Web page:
Before he was studied in just about every English program in the world, Charles Dickens was considered something of a hack—a low-rent scribbler of trashy serialized novels. That bodes well for Star Wars. Wait what?
The death of a minor supporting character on a tiny CW show set of a huge discussion about the representation of the LBGTQ community on TV, and this caught most people by surprise. Yet here we are, a month after The 100 aired the inciting incident, still talking about it. What’s keeping this discussion going? In part,…
Fans were not pleased about the major death in last week’s episode of The 100. (Neither were we.) And since then, they’ve been furiously working not just to declare their displeasure—but to make the show itself pay a heavy price.
This could go very well or very poorly: the BBC has launched “Mission Dalek,” a competition where fans create their own stories about the Doctor and the Daleks.
Fanfiction is one of the internet’s most reviled and beloved genres. Its authors write tales set in their favorite pop culture worlds, from Star Trek and X-Files, to Hogwarts and boy band concerts. For every fic that’s embarrassingly bad, there are thousands more that are brilliant and well-written. Here’s how to hunt…
Books, comics, movies, action figures—they all accumulate. And though we wanted them more than anything when we got them, getting rid of them is almost better than buying them in the first place. Here are the unexpected pleasures to be found while you thin out your collection.
What happens when you stop loving a piece of entertainment that once could do no wrong? It’s one of the nastiest kinds of break-ups there is. Your love was pure and true. And then it was gone, and you were a wreck of yourself. How did it come to this? Here are the seven stages of a fandom break-up.
When The X-Files debuted, nobody knew the small, weird show would be a success. But it had something better than a marketing blitz: It had the internet as a way to connect people who wanted to believe.
【The following was originally posted on The Mary Sue (Abrams Media Network) and has been republished here with permission.】About a year ago, I went with friends to see a live reading of Welcome to Night Vale and was shocked by the amount of screaming coming from women in the audience.
Lenny Kaye, the long-time guitarist for the Patti Smith Group, amassed a collection of 1500 mimeographed science fiction zines from the 1940s to the 1970s, and they're on display this weekend at the New York Art Book Fair. These zine covers are wild and in some cases kind of alarming.
Star Wars art is always cool, especially when talented artists are using its imagery to make awesome things. But what happens when you take Star Wars and render it through 20 year old hardware?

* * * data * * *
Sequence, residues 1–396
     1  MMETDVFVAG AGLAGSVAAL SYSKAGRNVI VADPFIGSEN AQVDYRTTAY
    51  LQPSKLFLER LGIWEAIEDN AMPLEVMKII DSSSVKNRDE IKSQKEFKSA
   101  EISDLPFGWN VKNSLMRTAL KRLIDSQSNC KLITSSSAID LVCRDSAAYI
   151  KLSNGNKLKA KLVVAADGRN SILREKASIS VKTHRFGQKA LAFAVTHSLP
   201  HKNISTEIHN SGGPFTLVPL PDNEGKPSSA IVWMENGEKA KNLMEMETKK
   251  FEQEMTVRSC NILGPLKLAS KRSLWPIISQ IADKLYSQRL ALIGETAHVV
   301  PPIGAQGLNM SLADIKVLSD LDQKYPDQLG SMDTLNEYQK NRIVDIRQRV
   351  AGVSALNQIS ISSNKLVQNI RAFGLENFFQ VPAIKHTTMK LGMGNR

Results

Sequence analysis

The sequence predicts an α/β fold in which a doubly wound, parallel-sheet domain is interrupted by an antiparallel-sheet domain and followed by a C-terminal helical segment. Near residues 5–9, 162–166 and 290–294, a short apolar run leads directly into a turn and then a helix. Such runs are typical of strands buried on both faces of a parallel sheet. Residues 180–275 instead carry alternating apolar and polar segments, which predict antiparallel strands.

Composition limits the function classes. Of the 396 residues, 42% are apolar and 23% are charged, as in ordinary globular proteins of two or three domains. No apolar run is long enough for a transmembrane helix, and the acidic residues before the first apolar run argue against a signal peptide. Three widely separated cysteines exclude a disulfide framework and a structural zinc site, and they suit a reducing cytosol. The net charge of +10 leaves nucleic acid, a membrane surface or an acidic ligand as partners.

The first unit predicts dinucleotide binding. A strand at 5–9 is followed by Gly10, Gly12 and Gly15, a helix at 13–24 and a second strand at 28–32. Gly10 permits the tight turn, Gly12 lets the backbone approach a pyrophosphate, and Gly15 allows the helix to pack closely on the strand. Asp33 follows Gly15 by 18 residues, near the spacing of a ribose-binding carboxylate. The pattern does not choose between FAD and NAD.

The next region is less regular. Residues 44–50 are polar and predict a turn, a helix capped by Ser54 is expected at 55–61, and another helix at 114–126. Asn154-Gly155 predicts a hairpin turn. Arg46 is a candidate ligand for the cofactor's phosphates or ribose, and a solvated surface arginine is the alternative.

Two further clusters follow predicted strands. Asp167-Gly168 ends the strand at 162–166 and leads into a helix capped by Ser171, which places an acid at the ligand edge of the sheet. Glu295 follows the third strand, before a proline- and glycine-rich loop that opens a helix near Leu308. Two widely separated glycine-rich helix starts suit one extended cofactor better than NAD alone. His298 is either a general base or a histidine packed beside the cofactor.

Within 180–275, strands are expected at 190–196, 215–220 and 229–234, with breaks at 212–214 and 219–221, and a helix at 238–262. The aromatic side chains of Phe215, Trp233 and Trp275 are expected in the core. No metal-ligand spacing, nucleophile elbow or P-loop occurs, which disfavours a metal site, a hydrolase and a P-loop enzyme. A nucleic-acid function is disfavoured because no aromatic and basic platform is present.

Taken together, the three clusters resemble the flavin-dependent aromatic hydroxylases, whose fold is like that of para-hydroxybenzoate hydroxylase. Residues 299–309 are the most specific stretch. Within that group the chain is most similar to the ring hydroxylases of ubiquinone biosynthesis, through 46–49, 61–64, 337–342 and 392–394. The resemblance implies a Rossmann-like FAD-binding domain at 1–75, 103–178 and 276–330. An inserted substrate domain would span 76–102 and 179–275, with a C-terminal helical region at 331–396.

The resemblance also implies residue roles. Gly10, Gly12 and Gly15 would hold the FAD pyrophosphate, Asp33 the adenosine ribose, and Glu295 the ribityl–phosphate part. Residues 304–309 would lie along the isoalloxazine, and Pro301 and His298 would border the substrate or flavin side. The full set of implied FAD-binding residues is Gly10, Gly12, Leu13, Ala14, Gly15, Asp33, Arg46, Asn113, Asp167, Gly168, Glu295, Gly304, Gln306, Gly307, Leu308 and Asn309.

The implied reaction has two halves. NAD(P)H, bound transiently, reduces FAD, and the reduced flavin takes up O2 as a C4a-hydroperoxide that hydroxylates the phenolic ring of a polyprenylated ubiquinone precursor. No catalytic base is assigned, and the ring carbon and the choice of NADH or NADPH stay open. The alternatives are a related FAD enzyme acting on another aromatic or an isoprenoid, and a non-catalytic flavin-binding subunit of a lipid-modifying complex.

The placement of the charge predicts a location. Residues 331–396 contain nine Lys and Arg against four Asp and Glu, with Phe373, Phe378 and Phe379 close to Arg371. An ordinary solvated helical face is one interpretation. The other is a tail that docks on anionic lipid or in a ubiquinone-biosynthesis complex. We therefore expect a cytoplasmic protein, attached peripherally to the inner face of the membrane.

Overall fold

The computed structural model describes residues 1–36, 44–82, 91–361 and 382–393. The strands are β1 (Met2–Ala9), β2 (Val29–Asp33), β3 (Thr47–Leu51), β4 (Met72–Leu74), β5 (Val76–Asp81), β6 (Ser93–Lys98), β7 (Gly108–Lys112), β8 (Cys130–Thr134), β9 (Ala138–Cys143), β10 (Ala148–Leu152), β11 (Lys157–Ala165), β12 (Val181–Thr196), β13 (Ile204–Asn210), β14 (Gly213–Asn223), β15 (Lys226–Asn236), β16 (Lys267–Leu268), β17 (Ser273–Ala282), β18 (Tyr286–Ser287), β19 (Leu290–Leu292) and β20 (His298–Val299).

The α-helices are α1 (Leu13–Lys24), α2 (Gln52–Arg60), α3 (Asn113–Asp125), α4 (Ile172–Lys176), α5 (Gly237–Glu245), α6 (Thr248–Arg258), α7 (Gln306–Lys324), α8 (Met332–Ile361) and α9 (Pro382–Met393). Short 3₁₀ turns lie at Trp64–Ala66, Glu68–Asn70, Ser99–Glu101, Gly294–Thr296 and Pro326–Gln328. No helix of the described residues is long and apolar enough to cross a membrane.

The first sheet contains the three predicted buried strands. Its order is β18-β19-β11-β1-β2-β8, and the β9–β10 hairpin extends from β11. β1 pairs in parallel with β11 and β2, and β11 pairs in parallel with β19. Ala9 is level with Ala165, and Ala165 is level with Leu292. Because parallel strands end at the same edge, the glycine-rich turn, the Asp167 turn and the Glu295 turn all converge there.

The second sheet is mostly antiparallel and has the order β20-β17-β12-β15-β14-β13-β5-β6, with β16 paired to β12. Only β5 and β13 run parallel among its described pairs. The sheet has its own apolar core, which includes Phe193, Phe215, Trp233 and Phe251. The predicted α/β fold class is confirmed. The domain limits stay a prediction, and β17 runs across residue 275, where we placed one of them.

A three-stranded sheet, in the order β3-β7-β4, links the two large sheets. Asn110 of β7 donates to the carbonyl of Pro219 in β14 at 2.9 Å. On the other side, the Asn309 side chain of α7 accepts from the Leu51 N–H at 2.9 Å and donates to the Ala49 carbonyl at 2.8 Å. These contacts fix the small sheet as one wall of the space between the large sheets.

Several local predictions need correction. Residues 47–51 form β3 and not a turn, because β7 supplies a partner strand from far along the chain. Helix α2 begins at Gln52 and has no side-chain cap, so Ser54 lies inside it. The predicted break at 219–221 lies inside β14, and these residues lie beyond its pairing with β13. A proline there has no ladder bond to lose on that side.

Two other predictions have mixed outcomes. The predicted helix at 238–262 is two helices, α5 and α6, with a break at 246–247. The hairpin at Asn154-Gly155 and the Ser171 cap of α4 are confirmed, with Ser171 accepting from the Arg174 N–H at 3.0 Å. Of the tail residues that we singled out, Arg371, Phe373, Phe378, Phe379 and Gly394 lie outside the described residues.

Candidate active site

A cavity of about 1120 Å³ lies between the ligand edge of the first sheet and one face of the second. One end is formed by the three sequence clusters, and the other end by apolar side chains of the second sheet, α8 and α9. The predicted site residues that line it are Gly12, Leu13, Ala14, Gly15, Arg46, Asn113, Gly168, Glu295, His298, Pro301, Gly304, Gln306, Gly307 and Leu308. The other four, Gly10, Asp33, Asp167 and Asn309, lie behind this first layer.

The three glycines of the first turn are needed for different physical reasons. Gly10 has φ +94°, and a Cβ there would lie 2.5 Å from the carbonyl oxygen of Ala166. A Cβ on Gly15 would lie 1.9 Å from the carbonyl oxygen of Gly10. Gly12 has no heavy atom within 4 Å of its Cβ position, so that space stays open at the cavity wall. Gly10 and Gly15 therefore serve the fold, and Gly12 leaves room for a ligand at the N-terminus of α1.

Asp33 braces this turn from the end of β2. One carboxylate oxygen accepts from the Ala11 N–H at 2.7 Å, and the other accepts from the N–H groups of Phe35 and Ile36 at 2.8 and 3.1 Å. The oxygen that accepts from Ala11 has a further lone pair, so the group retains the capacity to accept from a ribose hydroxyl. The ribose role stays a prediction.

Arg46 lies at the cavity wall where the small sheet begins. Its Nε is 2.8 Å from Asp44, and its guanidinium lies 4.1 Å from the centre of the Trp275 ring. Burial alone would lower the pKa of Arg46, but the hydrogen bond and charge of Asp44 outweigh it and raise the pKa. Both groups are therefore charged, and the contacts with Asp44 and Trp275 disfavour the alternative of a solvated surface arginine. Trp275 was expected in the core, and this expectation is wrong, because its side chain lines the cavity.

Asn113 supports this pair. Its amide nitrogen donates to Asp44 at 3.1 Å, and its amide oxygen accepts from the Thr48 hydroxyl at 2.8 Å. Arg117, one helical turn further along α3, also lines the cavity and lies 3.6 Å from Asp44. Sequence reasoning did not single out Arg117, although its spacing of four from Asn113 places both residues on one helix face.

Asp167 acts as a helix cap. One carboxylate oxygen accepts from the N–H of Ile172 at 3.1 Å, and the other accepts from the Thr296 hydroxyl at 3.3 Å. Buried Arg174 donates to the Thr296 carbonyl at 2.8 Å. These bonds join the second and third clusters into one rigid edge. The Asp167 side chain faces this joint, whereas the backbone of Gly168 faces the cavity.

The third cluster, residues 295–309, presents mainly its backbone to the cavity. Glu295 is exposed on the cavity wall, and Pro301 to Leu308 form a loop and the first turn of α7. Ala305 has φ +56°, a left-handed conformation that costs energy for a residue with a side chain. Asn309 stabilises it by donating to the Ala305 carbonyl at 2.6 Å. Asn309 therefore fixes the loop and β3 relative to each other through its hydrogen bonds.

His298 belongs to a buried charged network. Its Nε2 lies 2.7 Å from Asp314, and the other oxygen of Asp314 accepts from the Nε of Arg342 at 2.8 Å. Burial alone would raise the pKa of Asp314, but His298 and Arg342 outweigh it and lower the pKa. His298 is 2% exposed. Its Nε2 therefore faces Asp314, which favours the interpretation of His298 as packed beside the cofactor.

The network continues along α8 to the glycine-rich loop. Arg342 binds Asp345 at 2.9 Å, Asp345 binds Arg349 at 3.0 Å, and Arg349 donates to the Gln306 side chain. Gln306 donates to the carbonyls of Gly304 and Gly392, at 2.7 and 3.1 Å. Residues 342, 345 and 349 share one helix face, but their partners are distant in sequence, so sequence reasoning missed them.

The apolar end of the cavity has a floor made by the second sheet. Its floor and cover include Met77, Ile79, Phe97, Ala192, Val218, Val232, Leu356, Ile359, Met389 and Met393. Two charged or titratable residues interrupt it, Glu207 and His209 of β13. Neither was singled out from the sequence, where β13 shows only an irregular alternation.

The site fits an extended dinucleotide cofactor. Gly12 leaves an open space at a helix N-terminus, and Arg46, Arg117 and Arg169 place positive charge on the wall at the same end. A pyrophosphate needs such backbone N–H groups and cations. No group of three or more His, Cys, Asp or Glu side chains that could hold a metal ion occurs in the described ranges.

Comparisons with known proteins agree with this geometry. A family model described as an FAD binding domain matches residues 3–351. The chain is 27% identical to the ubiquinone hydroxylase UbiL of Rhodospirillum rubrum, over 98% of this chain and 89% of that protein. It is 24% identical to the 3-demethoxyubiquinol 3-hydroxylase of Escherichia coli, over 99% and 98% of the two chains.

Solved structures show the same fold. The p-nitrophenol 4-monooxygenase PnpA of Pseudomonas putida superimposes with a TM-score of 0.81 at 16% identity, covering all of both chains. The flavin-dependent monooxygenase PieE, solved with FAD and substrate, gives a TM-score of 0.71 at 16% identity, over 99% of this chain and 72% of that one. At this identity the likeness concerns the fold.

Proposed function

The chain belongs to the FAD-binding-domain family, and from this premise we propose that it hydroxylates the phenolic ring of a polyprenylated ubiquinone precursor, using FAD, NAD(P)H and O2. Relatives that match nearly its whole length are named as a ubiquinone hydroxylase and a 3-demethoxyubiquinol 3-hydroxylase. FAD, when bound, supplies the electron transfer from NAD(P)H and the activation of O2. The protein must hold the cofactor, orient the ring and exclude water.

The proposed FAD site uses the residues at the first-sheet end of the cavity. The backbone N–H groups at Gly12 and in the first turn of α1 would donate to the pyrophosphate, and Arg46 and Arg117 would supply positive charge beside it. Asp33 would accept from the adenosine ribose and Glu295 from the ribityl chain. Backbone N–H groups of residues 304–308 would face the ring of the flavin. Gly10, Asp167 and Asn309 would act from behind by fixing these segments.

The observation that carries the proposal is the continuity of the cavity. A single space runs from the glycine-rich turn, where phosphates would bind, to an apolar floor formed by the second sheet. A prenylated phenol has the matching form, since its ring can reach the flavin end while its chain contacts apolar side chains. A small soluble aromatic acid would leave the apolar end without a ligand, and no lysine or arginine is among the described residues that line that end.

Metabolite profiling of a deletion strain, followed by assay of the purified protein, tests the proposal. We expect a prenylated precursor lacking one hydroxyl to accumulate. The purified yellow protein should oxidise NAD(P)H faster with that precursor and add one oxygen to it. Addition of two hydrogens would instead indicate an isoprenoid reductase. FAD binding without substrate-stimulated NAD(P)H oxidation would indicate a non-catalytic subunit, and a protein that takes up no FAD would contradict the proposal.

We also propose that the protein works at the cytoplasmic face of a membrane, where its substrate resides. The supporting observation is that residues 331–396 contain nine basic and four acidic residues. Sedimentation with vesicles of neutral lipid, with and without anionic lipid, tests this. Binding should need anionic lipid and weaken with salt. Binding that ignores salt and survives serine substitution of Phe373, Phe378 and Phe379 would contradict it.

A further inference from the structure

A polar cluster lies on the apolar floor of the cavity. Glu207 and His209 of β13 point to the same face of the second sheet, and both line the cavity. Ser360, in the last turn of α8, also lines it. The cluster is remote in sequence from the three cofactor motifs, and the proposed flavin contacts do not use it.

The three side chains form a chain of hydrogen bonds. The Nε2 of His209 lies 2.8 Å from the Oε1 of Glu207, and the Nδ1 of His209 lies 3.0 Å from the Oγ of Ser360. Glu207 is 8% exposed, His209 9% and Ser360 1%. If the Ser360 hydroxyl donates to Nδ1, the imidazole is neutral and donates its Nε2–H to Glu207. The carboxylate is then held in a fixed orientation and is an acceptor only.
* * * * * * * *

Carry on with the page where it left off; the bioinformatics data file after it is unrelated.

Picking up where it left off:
Most of us have been seeing convention panels about the "Death of Science Fiction" for years now — it's become sort of a jolly cliche. Everybody laments the loss of some earlier, greater age for the genre. But back in 1937, British fans were pretty worried that SF was in permanent decline.
I love the highly-specific title of this academic paper by Melissa Tatum, Robert Spoo, and Banjamin Pope: "Does Gender Influence Attitudes Toward Copyright in the Filk Community?" It combines three hot-button issues: copyright, gender, and fandom. It's a like a powder keg of things people have very strong opinions on.
N.K. Jemisin was a guest of honor last week at the feminist science fiction convention Wiscon, and delivered a stirring speech about dealing with racism in genre fandom and publishing. She also told a very disturbing story about her own experiences of racism over the past year.
I just...I gotta vent. John Fucking Winchester. My fandom hates him, at least the ones that write Dean/Castiel. I doubt the Wincest writers love him much more, since he's inexplicably often opposed to his sons fucking like gay related rabbits (they need to go to Bobby for acceptance of their awesome love). Does your…
When Eric Kripke pitched Supernatural, it was aimed like a laser beam at a young male demographic. So, how come, when I attended the Supernatural Convention in Washington, DC this past weekend, the ratio of women to men was, by my guesstimate, 80-20?
When we argue a point, we often say things like, "I could be wrong." We say that, but do we really mean it? Many people experience something called "naive realism," and anyone who argues about genre shows experiences it often.
Star Trek fans proclaim their favorite series to have been sophisticated and mature — and, above all, brimming with huge philosophical questions. But was Star Trek ever really that smart? A Trek fan asked over at TrekBBS, and the responses are illuminating.
The tagline for the tumblr Fandom: Like Fine Wine is "Best left alone in the dark for a few years," which seems very apt. If you've ever tried in vain to explain something to your non-fannish friend/co-worker/parent/significant other and wished you had a visual aid, this is for you!